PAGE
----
I didn’t want to make you crazy
I didn’t want to pitch a fit
I didn’t want to make you pack your bags and ready to call it quits
The devil’s got a hold on me
He’s hoping for a killing*
One of the most painful events of my adolescence came at age 15 when my parents yanked us by the roots from our comfortable New York bedroom community of northern New Jersey and transplanted us into the rural pastures of Upstate New York during my high school years. Three reasons were behind the move. One was my parents’ forthcoming retirement to the area Pop called home during his own youth (the Utica area). The second was his career as a Pan Am pilot that allowed him to deadhead from Hancock Field in Syracuse to New York’s JFK, where he’d depart on his monthly runs to London, Paris, Munich or Rome.
The biggest reason, however, was the increasing sleep deprivation my parents were experiencing due to my mounting deviant behavior. They were watching me slowly but gleefully glide down a slope covered with easy-access drugs and alcohol during my junior high years.
The move was torture on me. To the mostly backwater dairy farming and poultry producing kids who lived on farms in the rural Finger Lakes region where we made our new home in the country, I was the brash city slicker new kid, an alien from that terrible place called Manhattan. I dressed different, talked different, partied different, danced different, and sorely resented my parents tugging our deep 12-year roots from one of New York’s most comfortable “Mayberry-esque” bedroom communities–Glen Rock, in North Bergan County.
But as is often the case in life, my most heinous misfortune flip-flopped into God’s spectacular, perfect divine appointment. That divine appointment would come in the form of a brotherly bond of love and respect–a “David and Jonathan” friendship–that within a few short months catapulted me from social obscurity to one of the cool kids. It was if I’d gone from urban hipster to hokey country boy in the blink of an eye.
That divine friendship was with a boy named Dale DuBois with whom I initially became best buddies by clever mutual cheating in our Algebra 2 class—and who, next to the cool football and lacrosse stars like Bob, Brian, Roger, Bennett and Tony–was arguably the most popular kid in school.
Dale had the world by the tail…a raccoon tail (he never called it by its proper name, it was always a “coon”). In addition to being a strapping, ruggedly good-looking six foot four inch 260 pound tower of muscle, he was the only kid in the league who threw a 90 mile per hour fast ball with dead accuracy. And hit grand slams every so often, but only when he felt like it.
What Dale mostly felt like doing on weekends or while playing hooky was explore the woods of the Finger Lakes with me, his fresh-faced hunting understudy. It was that sacred connection, a mutual love for the outdoors that cemented an instant bond that lasted until Dale’s untimely death from lung cancer 25 years ago.
Though the Finger Lakes may have been a cultural wasteland for a boy like me who’d routinely hop trains and buses to New York’s Shea Stadium or Chinatown to buy illegal fireworks starting around age 13, it was an exciting landscape that held the promise of one thing I’d always dreamed of becoming—a deer hunter. As such, Dale made it his nearly daily mission to teach me about the wilds of the vast Finger Lakes woodlands, and in short order I became his de facto woodsman protégé and game porter.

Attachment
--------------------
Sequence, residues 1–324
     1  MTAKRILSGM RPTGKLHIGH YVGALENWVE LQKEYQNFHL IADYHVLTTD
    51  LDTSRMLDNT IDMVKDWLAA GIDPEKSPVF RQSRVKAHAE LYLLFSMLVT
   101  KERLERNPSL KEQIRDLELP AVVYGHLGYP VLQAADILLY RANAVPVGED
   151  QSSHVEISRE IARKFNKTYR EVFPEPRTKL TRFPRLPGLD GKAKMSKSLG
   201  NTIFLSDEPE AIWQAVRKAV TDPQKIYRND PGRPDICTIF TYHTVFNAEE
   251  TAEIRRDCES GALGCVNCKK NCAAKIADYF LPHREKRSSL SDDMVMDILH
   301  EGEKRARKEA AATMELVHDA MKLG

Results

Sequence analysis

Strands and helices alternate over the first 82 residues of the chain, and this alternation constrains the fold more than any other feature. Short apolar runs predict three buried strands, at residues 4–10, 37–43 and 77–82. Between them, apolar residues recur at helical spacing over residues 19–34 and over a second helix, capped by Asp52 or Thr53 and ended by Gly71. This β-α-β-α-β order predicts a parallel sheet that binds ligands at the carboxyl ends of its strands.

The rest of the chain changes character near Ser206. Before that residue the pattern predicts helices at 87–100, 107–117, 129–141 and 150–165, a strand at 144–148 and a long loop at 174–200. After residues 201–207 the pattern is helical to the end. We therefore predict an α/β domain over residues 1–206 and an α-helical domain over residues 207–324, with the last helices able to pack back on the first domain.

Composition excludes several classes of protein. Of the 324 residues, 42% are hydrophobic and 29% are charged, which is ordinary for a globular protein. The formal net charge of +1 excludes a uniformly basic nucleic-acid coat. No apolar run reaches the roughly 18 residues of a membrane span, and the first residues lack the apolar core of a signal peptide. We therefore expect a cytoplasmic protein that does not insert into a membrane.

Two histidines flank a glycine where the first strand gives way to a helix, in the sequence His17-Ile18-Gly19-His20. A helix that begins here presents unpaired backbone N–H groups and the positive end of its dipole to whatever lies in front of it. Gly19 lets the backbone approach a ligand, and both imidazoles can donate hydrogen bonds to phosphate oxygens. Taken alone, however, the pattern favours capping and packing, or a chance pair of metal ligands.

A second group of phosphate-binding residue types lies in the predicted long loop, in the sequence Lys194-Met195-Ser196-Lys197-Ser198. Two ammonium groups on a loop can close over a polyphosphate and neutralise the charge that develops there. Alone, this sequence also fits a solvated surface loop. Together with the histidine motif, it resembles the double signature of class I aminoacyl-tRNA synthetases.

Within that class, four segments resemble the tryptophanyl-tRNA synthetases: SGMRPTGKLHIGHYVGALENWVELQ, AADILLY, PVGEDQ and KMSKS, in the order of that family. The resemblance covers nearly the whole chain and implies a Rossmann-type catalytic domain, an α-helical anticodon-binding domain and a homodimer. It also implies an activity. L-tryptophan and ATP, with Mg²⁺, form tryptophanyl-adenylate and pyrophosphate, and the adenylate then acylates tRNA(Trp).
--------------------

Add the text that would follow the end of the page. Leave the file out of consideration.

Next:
Dale taught me everything about the woods. How to survive in a 10 degree blizzard with nothing more than a few pieces of warm waterproof clothing, snow shoes, a blanket for a lean-to and a pack of matches. He taught me to fish for pike and perch, bass, smelt, trout and even walleye through the ice. He schooled me on trapping raccoon, mink, fox and muskrat, hunting ducks and geese, pheasant and grouse. But we didn’t just hunt. We killed game. Lots of it. Dale was a born woodsman and hunter and had a knack for bagging trophy birds, fish and anything with fur.
But the most fun—and the object of my fantasy–was big game hunting. Every part of it–tracking, stalking, standing and occasionally shooting the Northeast’s most prized of all big game trophies—the wily whitetail.
I could go on about our many hunting expeditions and the excellent success (and luck) we had, but I’d rather share what Dale’s expert hunting skills and canny intuition taught me that has so profoundly affected how I do business: the need to keep quiet and still, which applies in spades to deal-making.
Almost all of our successful hunts over a period of five years (until I moved to Redondo Beach following my college graduation) took place on private land along the base of Song Mountain Ski Resort north of Preble and Little York. It was thick forest, the perfect place to be schooled in the art of patiently waiting, watching, waiting and watching. Sometimes for 30 minutes, sometimes for four hours. Sometimes in a tree stand near a watering hole, sometimes on a bluff, occasionally in a blind near a game trail. But always in stealth silence…watching and waiting.
To this day I credit Dale for instilling in me the discipline of listening for sounds, movement in the brush, and watching for a tail or ear flicker. Curiously, I’ve applied that same discipline to the art and science of national account sales and doing deals with all types of businesses–from big consumer brands to tech start ups. Listening, watching and waiting…it’s what often separates the men from the boys.
Here’s what hundreds of hours waiting for a shot at a trophy whitetail has taught me about patience and listening, and how I use it in deal-making situations…
*Lyrics from Death Trap by Charlie Peacock (further explanation to come) >>> https://www.youtube.com/watch?v=rVA5fFbAVEI